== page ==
Trayvon Martin ‘Will Be Forgotten’ Comments Are Shocking, But Are They True?

Former Secretary of State Colin Powell said Sunday that the George Zimmerman verdict was “questionable,” but that before too long, Trayvon Martin’s story “will be forgotten” and will fail to leave a lasting impact on American society.

“I don’t know if it will have staying power,” he said. “These cases come along, and they blaze across the midnight sky and then after a period of time, they’re forgotten.”

His comments, aired on Face the Nation, have been seen as more than a little bleak by some. But they have also stoked fears held by many that Trayvon Martin’s death didn’t, and won’t, matter in the grand scheme of things.

In an analysis of Powell’s comments, Mark Sappenfield of The Christian Science Monitor suggested that Martin’s death won’t matter the way some may want it to, because race relations have improved significantly in this country. He passes back to Mr. Powell, who also said:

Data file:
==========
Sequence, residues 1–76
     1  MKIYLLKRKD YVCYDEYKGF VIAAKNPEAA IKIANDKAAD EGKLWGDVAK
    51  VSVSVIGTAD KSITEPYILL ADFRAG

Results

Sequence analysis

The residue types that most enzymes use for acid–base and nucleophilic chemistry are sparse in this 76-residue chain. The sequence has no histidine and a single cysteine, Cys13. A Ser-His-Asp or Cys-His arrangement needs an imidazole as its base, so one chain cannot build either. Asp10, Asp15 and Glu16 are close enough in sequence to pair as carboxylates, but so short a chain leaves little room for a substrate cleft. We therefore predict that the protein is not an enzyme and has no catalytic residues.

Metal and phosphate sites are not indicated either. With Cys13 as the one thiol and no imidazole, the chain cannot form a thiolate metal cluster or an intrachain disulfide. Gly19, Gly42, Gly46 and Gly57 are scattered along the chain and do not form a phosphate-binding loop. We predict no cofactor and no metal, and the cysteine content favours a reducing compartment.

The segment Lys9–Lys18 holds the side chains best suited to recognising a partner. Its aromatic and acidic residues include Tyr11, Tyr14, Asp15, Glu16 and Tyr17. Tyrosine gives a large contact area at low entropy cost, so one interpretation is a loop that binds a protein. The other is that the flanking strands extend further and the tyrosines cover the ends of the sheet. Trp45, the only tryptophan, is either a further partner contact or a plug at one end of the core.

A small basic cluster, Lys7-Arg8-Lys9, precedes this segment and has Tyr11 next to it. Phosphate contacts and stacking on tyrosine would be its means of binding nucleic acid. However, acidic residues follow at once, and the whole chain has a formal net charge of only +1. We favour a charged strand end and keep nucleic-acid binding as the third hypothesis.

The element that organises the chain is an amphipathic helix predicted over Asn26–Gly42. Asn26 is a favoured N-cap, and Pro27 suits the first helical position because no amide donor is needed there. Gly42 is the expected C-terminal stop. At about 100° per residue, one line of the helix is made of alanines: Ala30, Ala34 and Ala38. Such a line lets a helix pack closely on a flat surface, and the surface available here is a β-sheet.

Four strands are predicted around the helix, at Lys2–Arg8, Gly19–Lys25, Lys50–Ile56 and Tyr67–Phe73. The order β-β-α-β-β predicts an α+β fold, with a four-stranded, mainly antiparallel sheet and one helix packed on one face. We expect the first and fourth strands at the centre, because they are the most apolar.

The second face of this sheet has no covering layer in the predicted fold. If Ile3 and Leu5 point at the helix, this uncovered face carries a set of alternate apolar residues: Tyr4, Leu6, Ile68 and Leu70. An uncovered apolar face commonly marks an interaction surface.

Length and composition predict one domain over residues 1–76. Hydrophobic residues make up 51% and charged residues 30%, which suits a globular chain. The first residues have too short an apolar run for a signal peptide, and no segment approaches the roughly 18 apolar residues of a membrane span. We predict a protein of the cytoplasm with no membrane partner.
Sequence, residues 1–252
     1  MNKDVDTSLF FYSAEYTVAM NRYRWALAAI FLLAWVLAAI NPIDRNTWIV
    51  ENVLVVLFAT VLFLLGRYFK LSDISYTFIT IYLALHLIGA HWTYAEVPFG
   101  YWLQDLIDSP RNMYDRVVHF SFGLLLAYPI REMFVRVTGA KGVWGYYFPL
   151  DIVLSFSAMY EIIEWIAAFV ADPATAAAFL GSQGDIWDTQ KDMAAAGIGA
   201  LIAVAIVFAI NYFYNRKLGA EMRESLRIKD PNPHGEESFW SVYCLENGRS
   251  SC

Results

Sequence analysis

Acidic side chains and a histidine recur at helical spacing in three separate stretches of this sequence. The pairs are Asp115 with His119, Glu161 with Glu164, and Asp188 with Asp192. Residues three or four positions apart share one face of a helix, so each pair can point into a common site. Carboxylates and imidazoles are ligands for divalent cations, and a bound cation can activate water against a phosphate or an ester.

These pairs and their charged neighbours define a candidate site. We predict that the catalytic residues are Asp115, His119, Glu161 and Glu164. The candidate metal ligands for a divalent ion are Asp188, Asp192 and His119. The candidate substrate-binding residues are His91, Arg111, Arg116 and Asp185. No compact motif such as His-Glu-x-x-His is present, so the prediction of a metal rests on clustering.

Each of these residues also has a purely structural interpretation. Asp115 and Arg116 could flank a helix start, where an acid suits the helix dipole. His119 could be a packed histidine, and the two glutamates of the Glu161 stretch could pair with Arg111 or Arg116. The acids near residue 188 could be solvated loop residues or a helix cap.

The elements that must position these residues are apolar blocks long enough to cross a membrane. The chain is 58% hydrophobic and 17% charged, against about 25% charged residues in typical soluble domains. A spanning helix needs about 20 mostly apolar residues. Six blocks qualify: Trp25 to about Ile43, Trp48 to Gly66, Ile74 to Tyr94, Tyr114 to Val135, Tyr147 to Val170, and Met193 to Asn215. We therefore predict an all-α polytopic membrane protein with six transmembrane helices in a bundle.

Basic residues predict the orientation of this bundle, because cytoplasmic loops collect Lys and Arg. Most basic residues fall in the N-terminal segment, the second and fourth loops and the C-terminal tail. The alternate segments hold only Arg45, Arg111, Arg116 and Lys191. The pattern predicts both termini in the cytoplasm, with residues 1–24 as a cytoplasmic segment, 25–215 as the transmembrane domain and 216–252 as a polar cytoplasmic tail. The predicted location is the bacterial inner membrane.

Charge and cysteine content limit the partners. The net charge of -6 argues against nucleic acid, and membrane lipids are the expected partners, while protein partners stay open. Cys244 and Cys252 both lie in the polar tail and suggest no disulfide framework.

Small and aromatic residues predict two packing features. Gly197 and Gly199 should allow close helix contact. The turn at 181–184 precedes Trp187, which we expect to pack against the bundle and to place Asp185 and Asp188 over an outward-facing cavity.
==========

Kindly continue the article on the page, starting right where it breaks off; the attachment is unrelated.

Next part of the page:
“Enormous progress has been made. African-Americans and other minorities have moved to the top of every institution in American society. There are still problems in this country…. There is still racial bias that exists in certain parts of our country.”

Sappenfield also seems to suggest that the debate over whether race played a part in the Zimmerman case actually shows progress and healing for the nation on the issue, and that the racism that must be combated today is far more subtle.

In any case, Colin Powell’s comments have also stirred some controversy on Twitter, where reactions have been incredibly diverse:

Do you agree with Colin Powell? Will the Trayvon Martin case be forgotten?

[Image: David Shankbone]